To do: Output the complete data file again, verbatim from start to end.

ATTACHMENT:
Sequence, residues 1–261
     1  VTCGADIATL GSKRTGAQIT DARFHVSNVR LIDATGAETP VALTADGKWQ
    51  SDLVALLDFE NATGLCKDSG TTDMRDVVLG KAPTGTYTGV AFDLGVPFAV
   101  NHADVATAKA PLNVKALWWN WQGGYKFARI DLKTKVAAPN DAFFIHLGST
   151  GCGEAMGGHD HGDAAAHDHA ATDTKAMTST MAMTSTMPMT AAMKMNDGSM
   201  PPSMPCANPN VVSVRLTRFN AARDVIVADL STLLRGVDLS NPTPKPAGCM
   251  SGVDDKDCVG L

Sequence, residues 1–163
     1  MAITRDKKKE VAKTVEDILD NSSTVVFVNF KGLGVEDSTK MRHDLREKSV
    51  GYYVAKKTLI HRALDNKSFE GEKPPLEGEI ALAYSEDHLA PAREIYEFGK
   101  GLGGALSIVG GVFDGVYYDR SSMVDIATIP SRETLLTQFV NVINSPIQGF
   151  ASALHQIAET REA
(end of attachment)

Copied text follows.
Sequence, residues 1–261
     1  VTCGADIATL GSKRTGAQIT DARFHVSNVR LIDATGAETP VALTADGKWQ
    51  SDLVALLDFE NATGLCKDSG TTDMRDVVLG KAPTGTYTGV AFDLGVPFAV
   101  NHADVATAKA PLNVKALWWN WQGGYKFARI DLKTKVAAPN DAFFIHLGST
   151  GCGEAMGGHD HGDAAAHDHA ATDTKAMTST MAMTSTMPMT AAMKMNDGSM
   201  PPSMPCANPN VVSVRLTRFN AARDVIVADL STLLRGVDLS NPTPKPAGCM
   251  SGVDDKDCVG L

Sequence, residues 1–163
     1  MAITRDKKKE VAKTVEDILD NSSTVVFVNF KGLGVEDSTK MRHDLREKSV
    51  GYYVAKKTLI HRALDNKSFE GEKPPLEGEI ALAYSEDHLA PAREIYEFGK
   101  GLGGALSIVG GVFDGVYYDR SSMVDIATIP SRETLLTQFV NVINSPIQGF
   151  ASALHQIAET REA